OECD says economic recovery tied to vaccine success

1 Dec 20

The global economy is expected to grow by 4.2% next year, although performance will depend on how quickly Covid-19 vaccines are rolled out, according to the OECD.

Image: Vaccine by VCU Capital News Service under CC BY-NC 2.0

The organisation’s latest economic outlook said that GDP across the world is projected to rise a further 3.75% in 2022.

Its positive central forecast comes after a contraction of 4.25% in the current year, due to the effect of the pandemic.

A statement from the OECD said: “The release of pent-up demand and accumulated savings may reinforce a rebound if vaccines become available faster and more widely, boosting global growth to around 5% in 2021.

“But confidence may be hit if problems arise with the distribution or unexpected secondary effects of the vaccines and if the lessons from the first two waves of the pandemic are not learnt.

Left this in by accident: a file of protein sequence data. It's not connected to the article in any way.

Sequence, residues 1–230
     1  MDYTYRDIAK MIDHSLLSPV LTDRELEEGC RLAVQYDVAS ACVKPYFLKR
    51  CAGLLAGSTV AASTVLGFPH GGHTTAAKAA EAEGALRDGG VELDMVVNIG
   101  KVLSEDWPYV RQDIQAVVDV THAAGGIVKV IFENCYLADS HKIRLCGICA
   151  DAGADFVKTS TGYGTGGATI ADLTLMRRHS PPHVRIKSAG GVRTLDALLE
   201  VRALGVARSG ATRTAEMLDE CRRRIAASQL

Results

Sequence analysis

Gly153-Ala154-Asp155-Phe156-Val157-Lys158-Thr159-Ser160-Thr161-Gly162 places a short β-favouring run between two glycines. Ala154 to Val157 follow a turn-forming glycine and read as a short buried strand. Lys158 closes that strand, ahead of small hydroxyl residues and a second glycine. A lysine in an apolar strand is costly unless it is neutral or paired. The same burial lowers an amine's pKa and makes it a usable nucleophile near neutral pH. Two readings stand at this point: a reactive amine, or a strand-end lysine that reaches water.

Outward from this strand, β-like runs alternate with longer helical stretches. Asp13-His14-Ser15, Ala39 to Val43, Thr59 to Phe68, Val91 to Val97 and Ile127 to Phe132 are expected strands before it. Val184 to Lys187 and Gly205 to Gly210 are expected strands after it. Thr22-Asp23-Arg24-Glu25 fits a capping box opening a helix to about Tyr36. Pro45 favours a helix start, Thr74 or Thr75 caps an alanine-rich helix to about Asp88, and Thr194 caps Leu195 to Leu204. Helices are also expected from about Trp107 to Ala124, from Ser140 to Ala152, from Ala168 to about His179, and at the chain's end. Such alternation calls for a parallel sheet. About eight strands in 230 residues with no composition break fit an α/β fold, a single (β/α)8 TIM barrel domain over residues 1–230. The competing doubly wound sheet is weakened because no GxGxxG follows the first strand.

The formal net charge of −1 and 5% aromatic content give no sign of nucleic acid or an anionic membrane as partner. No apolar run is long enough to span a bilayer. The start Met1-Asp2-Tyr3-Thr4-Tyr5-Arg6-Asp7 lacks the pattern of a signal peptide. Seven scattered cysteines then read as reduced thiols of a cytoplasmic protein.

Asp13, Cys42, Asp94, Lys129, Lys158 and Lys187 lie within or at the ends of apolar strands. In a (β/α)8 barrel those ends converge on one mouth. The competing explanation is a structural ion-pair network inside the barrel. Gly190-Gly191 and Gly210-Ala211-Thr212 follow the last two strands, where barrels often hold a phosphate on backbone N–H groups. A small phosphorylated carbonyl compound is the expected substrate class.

“In this scenario, global growth would be lowered by 2.75 percentage points.”

Despite the optimism, the OECD said that even in its upside scenario, the pandemic will have damaged the socio-economic fabric of countries worldwide – possibly permanently.

“Output is projected to remain around 5% below pre-crisis expectations in many countries in 2022, raising the spectre of substantial permanent costs from the pandemic,” it said.

Recovery is likely to be unevenly spread, with countries running effective testing, tracking and isolation programmes likely to do better, the report said.

OECD chief economist Laurence Boone said: “With the prospect of vaccines and better virus management, the picture for the global economy is looking brighter, but the situation remains precarious, especially for the low-skilled and for struggling small businesses.”

The outlook showed that Covid-19 has worsened economic inequality, hitting the most vulnerable hardest.

With interest rates at record lows, the OECD called for greater investment in health services, social safety nets and training, plus grants and equity support to businesses.

The report also found that corporate debt is now reaching levels last seen in the global financial crisis a decade ago, which could lead to insolvencies and cut investment, weakening any potential economic recovery.

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